Tag Archives: Infertility treatments

Cell phone risk to sperm supported

An in vitro comparison study has strengthened concerns that electromagnetic radiation from cell phones impairs male fertility.

 Ashok Agarwal (Cleveland Clinic, Ohio, USA) and colleagues set out to validate the implications of recent epidemiologic studies, which reported reductions in sperm motility, morphology, and viability associated with cell phone exposure.

 They studied neat semen samples from 23 normal healthy donors and nine infertility patients. They divided the samples into two aliquots and exposed one of each sample to radiation from cell phones in talk mode, leaving the second aliquot unexposed to serve as controls.

 Analysis revealed significantly lower sperm motility and sperm viability in aliquots of exposed compared with unexposed sperm (49 vs 52 percent and 52 vs 59 percent, respectively).

 Levels of reactive oxygen species were also significantly higher in samples of exposed compared with unexposed sperm (0.11 vs 0.06 x106 cpm/20 million sperm), Agarwal et al report.

 Total antioxidant capacity and levels of DNA damage did not differ significantly between the two groups.

 “We speculate that keeping the cell phone in a trouser pocket in talk mode may negatively affect spermatozoa and impair male fertility,” the researchers conclude.

 Source: Fertility and Sterility 2008; Advance online publication  


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Understanding embryo implantation offers insight

Scientists at the University of Oxford, UK, believe they have identified the way in which embryos implant in the uterus, providing essential information which may be used in the future for infertility treatments and offering hope to thousands of infertile couples. Implantation of an embryo to the lining of the mother’s uterus is an essential process that takes place at an early stage of development. The embryo initially attaches and forms a contact with the uterus lining, which triggers a cascade of signals in both the embryo and the uterus. This allows cells from the embryo to start moving across into the uterus, finding blood vessels in the mother and eventually forming the placenta. Problems in the implantation process can lead to loss of potential pregnancies, even in couples trying to conceive without infertility problems. Current estimates suggest that infertility affects one in seven couples in the UK, with around 32,000 couples seeking infertility treatment each year. It is thought that a significant number of these patients could be infertile as a result of implantation problems.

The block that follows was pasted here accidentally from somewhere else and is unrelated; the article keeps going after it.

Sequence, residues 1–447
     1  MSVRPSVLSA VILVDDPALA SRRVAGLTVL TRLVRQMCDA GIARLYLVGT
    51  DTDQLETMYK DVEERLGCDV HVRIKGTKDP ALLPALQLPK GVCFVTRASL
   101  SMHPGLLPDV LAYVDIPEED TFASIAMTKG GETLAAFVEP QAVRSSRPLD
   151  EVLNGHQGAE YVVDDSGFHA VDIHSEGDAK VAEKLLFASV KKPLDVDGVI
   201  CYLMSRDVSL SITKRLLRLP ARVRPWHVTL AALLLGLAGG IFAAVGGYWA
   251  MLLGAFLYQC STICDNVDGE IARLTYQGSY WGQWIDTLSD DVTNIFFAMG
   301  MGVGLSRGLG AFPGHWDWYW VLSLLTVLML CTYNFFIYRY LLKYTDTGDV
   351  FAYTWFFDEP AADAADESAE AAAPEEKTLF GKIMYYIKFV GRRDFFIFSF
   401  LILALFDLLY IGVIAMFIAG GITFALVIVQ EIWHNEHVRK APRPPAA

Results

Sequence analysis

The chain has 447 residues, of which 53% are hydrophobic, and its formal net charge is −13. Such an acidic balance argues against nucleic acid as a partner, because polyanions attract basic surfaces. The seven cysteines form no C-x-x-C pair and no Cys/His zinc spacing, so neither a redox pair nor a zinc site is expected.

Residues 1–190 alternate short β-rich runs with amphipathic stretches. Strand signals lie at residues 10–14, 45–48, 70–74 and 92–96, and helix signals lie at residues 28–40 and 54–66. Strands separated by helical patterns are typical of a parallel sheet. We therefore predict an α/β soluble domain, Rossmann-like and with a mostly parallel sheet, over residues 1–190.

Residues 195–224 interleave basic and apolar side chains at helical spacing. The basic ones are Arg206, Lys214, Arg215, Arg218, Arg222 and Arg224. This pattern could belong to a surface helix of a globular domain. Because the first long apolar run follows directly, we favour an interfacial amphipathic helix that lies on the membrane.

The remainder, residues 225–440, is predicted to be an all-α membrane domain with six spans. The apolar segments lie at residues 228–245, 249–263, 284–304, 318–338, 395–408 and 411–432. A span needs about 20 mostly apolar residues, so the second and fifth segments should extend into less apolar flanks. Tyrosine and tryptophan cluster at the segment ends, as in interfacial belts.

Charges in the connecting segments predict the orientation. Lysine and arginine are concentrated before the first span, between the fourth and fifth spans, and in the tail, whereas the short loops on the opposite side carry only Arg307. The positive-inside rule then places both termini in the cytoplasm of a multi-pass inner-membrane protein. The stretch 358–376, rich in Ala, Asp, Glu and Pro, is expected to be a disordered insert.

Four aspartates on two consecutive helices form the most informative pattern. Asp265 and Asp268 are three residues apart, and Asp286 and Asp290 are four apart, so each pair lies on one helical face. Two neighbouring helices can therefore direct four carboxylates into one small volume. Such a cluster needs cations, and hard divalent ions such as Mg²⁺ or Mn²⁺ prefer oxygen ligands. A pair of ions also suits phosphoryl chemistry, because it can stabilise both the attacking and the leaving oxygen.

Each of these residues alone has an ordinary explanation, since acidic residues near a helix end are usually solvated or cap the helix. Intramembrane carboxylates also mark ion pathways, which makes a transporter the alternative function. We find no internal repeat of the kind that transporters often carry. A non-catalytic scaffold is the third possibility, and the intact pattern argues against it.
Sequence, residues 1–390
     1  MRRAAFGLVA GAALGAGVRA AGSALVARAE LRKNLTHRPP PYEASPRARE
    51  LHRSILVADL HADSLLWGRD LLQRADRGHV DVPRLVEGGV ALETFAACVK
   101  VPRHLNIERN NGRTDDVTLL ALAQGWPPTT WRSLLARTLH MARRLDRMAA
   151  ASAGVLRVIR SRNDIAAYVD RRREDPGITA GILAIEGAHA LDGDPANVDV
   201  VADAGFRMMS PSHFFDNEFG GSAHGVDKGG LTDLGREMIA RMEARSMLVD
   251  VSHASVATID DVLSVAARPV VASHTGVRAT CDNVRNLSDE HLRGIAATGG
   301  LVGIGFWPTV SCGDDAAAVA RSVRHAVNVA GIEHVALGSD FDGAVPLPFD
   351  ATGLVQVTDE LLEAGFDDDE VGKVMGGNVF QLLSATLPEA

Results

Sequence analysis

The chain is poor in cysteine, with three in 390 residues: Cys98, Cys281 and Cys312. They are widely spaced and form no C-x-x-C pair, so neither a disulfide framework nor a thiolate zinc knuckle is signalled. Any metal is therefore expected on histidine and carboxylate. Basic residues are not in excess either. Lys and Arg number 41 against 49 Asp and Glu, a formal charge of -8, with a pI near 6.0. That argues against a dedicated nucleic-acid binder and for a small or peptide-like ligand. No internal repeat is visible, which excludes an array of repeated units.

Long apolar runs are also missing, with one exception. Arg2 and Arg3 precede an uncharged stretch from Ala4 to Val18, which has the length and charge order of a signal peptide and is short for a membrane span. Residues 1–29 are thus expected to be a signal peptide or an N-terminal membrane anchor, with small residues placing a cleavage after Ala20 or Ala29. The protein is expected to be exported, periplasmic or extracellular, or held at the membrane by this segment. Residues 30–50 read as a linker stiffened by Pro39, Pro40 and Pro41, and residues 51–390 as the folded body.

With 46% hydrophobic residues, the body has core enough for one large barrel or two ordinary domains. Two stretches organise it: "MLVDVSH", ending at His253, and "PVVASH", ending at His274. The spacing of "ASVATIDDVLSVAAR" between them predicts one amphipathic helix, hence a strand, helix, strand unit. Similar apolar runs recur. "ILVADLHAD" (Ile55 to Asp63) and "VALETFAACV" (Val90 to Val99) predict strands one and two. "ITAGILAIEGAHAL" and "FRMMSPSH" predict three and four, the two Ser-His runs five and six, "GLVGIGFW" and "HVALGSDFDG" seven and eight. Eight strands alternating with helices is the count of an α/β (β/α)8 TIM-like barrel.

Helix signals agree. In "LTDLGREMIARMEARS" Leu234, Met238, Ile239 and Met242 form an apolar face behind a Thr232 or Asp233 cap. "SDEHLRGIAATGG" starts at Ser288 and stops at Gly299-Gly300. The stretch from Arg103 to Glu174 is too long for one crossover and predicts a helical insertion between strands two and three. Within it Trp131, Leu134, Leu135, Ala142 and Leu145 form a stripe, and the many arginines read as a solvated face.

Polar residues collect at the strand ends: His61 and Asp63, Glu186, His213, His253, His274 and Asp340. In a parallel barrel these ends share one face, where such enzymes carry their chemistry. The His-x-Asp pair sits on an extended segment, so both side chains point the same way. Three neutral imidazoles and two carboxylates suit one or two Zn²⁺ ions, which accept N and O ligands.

The team of scientists, led by Professor Helen Mardon from the Nuffield Department of Obstetrics and Gynaecology at Oxford, along with Professor Anne J Ridley at King’s College, London, added embryos to a layer of cells from uterus lining in a culture dish to mimic events in the womb. They were then able to video embryos implanting themselves in the cell layer, allowing the scientists to dissect the molecular processes involved. Their findings were published in the journal Proceedings of the National Academy of Sciences.Their investigation led them identify two proteins that are essential players in the implantation process. They are from the Rho GTPase family of proteins, and ensure that cells in a particular part of the uterus lining move out of the way of the ‘invading’ embryonic cells. Professor Mardon said: ‘We have shown that two proteins, called Rac1 and RhoA, control the invasion. The first stimulates cells in the womb lining to move and allow the embryo to invade and implant properly while the second inhibits this. We believe this controlled balance of the two proteins is critical for successful implantation of the embryo. If the balance of RhoGTPases is altered, the cells of the womb lining don’t migrate and the embryo doesn’t implant’.

The findings bring new hope to people with infertility issues. The new information will help the understanding of how this process works, and therefore aid ‘the development of drugs to help embryos implant properly’, said Prof Mardon.